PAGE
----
Instant automatic malware removal:
Manual threat removal might be a lengthy and complicated process that requires advanced computer skills. Malwarebytes is a professional automatic malware removal tool that is recommended to get rid of malware. Download it by clicking the button below:
- What is NRSMiner?
- STEP 1. Manual removal of NRSMiner malware.
- STEP 2. Check if your computer is clean.
How to remove malware manually?
Manual malware removal is a complicated task - usually it is best to allow antivirus or anti-malware programs to do this automatically. To remove this malware we recommend using Malwarebytes for Windows. If you wish to remove malware manually, the first step is to identify the name of the malware that you are trying to remove. Here is an example of a suspicious program running on a user's computer:
If you checked the list of programs running on your computer, for example, using task manager, and identified a program that looks suspicious, you should continue with these steps:
Download a program called Autoruns. This program shows auto-start applications, Registry, and file system locations:
Restart your computer into Safe Mode:
Windows XP and Windows 7 users: Start your computer in Safe Mode. Click Start, click Shut Down, click Restart, click OK. During your computer start process, press the F8 key on your keyboard multiple times until you see the Windows Advanced Option menu, and then select Safe Mode with Networking from the list.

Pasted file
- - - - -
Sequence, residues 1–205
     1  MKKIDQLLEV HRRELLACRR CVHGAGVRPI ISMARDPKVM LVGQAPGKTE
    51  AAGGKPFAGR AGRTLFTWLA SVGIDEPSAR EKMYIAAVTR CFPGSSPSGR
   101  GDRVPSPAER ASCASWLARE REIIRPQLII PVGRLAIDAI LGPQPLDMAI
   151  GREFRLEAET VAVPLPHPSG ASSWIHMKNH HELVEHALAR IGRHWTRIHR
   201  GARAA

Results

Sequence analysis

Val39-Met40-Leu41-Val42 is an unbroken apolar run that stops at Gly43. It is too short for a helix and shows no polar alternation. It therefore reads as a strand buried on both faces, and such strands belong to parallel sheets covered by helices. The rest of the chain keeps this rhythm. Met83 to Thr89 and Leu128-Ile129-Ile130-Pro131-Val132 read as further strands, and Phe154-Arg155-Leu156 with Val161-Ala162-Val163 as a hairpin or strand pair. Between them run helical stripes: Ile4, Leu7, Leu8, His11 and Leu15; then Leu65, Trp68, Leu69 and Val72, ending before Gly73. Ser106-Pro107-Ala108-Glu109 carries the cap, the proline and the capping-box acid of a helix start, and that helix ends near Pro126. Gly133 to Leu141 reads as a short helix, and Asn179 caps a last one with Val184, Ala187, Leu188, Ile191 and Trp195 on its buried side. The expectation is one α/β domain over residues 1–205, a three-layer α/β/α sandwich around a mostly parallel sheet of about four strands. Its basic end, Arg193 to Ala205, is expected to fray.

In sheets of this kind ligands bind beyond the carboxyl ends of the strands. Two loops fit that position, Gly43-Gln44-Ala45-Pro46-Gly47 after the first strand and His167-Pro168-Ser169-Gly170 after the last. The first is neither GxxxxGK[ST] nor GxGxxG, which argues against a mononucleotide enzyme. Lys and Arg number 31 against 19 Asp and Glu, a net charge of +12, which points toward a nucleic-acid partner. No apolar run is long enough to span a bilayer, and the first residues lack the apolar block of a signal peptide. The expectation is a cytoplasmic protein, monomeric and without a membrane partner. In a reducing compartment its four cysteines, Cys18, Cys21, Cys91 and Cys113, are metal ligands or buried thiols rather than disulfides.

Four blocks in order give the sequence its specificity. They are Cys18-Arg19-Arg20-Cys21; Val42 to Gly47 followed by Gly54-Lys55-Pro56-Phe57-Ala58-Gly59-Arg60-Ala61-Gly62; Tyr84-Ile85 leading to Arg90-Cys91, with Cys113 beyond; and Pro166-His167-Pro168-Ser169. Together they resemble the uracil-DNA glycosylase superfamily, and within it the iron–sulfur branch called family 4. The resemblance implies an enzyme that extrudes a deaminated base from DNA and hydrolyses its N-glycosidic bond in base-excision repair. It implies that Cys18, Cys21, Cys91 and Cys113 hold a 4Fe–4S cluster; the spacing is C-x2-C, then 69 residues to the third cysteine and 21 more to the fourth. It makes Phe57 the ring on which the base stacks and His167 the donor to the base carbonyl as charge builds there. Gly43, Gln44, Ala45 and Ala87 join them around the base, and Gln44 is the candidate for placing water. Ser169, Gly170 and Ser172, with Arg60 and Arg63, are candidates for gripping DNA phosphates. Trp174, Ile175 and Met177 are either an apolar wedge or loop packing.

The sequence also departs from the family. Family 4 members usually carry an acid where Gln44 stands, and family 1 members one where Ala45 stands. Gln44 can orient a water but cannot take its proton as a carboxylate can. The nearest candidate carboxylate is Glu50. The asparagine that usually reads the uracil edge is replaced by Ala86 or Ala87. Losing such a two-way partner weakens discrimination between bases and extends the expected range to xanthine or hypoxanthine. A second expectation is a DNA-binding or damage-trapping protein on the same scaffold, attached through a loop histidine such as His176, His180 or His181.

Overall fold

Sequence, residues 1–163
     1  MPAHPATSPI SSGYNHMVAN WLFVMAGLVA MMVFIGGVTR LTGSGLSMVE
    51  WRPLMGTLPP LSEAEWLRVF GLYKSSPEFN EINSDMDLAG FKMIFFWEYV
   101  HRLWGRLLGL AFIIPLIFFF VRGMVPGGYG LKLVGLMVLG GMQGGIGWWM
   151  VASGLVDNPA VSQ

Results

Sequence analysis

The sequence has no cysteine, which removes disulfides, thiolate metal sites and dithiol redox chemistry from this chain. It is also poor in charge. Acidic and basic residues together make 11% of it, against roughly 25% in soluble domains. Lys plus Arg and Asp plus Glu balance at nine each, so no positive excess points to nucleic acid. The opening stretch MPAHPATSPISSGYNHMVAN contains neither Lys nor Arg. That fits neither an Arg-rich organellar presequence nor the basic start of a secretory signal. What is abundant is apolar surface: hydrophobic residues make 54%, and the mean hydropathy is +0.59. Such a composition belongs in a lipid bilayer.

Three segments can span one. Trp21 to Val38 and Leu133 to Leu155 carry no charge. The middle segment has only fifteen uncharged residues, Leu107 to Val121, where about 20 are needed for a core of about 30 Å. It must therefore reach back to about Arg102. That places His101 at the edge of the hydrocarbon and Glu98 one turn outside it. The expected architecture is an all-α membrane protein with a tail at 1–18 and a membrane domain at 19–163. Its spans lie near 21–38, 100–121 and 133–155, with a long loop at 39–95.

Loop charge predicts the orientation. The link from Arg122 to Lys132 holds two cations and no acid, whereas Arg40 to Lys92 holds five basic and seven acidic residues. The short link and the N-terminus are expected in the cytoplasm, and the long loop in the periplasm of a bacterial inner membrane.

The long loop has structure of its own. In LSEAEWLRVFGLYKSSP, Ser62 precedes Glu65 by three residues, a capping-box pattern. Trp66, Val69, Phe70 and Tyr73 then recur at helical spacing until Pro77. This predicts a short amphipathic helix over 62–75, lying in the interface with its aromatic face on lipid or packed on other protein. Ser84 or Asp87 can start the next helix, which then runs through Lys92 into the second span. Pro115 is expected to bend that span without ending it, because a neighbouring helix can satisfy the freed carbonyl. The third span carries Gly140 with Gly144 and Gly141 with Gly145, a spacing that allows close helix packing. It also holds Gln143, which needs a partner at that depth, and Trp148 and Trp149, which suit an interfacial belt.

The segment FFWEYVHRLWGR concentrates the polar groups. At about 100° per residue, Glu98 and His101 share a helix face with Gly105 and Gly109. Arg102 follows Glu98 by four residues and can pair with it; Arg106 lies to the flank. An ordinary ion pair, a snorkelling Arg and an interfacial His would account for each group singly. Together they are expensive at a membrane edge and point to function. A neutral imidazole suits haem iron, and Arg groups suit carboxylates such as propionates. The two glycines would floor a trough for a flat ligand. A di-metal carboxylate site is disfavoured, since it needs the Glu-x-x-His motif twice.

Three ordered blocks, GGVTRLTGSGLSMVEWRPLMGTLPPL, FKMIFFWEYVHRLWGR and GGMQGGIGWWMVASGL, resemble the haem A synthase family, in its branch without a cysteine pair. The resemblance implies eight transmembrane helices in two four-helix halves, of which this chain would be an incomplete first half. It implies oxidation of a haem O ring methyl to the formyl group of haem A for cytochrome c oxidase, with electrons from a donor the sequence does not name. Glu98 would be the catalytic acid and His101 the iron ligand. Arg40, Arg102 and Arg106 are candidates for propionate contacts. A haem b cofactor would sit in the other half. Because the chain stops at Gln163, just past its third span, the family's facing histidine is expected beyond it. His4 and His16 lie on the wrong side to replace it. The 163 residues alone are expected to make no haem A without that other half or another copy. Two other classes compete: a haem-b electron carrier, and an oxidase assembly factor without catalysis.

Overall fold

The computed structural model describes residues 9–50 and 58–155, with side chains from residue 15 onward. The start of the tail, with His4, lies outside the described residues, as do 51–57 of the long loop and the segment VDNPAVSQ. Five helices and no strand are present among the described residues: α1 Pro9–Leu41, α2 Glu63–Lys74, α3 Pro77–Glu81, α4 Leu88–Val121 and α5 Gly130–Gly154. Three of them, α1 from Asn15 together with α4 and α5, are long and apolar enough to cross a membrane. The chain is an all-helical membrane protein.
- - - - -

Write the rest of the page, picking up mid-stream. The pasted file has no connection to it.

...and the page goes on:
Video showing how to start Windows 7 in "Safe Mode with Networking":
Windows 8 users: Start Windows 8 is Safe Mode with Networking - Go to Windows 8 Start Screen, type Advanced, in the search results select Settings. Click Advanced startup options, in the opened "General PC Settings" window, select Advanced startup. Click the "Restart now" button. Your computer will now restart into the "Advanced Startup options menu". Click the "Troubleshoot" button, and then click the "Advanced options" button. In the advanced option screen, click "Startup settings". Click the "Restart" button. Your PC will restart into the Startup Settings screen. Press F5 to boot in Safe Mode with Networking.
Video showing how to start Windows 8 in "Safe Mode with Networking":